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Curtis Ellis

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A mystery is stalking newsrooms across America.

Journalists are at a loss to explain why farmers, hurt by illegal, punitive tariffs from China, continue to support President Trump.

Like the astronomers who couldn’t explain deviations in Neptune’s orbit, pundits don’t know why farmers are behaving the way they do.

We don’t need a hypothetical Planet X to solve this mystery. A basic understanding of agrarian reality and the administration’s record explains the gravitational pull of Planet Trump.

As one of his first acts in office, President Trump canceled the EPA’s Waters of the USA rule. President Obama tried to extend the Environmental Protection Agency’s jurisdiction far beyond “navigable waterways,” as it has been since the 1970s, to farm ponds and even ditches or potholes with water in them.

Needless to say, farmers hated the Waters of the USA rule, and they won’t forget President Trump terminated it – just as he promised.

Agriculture is one of the most regulated businesses in America, and President Trump’s regulatory reforms and staunch support for property rights have a lot of fans down on the farm.

The so-called Green New Deal presents the clearest contrast between the president and his radical Democratic opponents – and explains why rural America is sticking with Trump.

In a classic case of overreach, the federal government’s never-ending quest for more power had it reaching for the rear end of cattle. President Trump tells them: Don’t go there.

A U.S. appeals court ruling would have forced tens of thousands of livestock farmers to report “greenhouse gas” emissions from manure on their farms and subjected them to citizen activists’ lawsuits.

It would have – until Trump’s EPA exempted farms from the reporting requirement. Any farmer with one head of livestock is grateful.

Meanwhile, the Green New Deal Democrats have all but promised to regulate “farting cows” out of existence, with the federal zealots looking to ban greenhouse gases and meat eating in their bid to keep the climate from changing.

Of course, eliminating cattle means eliminating feedlots, one of the primary users of corn.

The bad news for corn farmers doesn’t end there. As Democrats march further and further to the left in their climate change jihad, they are attacking ethanol, a biofuel made from corn, once championed as “renewable, clean energy.”

Environmental activists now claim ethanol actually increases CO2 emissions rather than reducing them.

In contrast, President Trump has approved year-round access to gasoline with higher blends of ethanol, boosting demand for corn and, therefore, prices for corn farmers.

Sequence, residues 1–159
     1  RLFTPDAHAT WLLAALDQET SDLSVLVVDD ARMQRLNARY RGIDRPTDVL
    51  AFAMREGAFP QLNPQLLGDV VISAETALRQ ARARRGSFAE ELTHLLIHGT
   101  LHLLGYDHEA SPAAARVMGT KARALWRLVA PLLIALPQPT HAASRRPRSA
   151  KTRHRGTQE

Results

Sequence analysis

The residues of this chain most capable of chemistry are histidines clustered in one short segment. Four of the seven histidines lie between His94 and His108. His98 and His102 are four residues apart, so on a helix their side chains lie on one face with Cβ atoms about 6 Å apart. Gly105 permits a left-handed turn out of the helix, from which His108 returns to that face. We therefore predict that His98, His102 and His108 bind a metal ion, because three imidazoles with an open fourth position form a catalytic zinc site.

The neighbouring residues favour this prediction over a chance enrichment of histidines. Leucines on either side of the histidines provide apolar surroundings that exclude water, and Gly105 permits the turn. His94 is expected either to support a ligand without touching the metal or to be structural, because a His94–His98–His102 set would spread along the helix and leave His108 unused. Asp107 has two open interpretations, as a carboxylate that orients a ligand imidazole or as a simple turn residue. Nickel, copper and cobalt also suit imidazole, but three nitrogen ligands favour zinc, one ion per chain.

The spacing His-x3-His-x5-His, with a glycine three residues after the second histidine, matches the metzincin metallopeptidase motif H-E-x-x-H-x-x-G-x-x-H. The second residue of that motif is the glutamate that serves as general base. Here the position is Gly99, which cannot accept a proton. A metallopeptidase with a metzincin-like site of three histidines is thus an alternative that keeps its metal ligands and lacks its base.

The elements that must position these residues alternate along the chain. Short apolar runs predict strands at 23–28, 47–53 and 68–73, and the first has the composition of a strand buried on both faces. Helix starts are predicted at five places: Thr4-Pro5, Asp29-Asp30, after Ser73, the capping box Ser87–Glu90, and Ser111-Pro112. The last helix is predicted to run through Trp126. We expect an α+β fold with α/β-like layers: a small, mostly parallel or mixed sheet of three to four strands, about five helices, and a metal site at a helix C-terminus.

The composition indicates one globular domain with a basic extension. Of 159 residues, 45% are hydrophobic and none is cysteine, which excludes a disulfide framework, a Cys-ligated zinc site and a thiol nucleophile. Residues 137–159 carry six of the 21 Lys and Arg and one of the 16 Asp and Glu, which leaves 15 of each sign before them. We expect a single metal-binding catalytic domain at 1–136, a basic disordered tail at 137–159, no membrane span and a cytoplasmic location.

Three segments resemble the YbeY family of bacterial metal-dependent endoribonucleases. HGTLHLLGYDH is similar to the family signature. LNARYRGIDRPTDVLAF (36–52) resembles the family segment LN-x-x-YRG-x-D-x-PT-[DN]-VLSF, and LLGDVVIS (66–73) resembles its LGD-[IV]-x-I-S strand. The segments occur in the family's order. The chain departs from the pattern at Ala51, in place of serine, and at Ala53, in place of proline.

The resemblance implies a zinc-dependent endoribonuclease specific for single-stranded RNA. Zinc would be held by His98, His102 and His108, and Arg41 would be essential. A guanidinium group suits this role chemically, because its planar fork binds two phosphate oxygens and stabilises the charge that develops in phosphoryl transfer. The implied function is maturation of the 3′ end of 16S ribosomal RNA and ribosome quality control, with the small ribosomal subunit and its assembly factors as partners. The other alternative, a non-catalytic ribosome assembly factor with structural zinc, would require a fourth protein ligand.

Farm groups have long pushed for expanded use of gasoline with 15 percent ethanol, called E15, and President Trump delivered.

He did it while preserving industrial jobs in the Northeast by streamlining the EPA’s cap-and-trade-like system for monitoring biofuel production. Ethanol use has remained steady while the administration wisely continues to exempt independent refineries from onerous regulations.

Farmers understand President Trump’s trade policy is in their interest, too.

He renegotiated the South Korea trade agreement and NAFTA, securing better terms that will boost ag exports, and he is providing trade assistance to farmers targeted by China’s illegal trade retaliation.

As Victor Davis Hanson has written, agrarians – farmers – provided the foundation of our Western civilization, with its values of private ownership, constitutional government and egalitarianism.

The farmers’ knowledge is gained from experience as well as tradition and books; their livelihood depends on hard work and long-term thinking. They work for the future not just the present. While academics enjoy life-long tenure and the captains of industry, we are told endlessly, clamor for “certainty,” farmers gamble and battle every day against the uncertainties of nature and the elements. When they take out a loan to plant a crop, they have no “certainty” the rains will come.

Farmers embrace uncertainty and know there is no guarantee against hardship, but hardship is worth enduring for something greater – independence.

They feel President Trump’s approach to China is long overdue. And they know it is necessary if they – and we as a country – are to have a future.

The farmers’ allegiance to President Trump is explained not just by aversion to his opponents.

It’s also one of affinity and attraction to his ideals.

This ideal, this powerful force, widely disparaged by the self-styled sophisticates in the elite media, is called patriotism.


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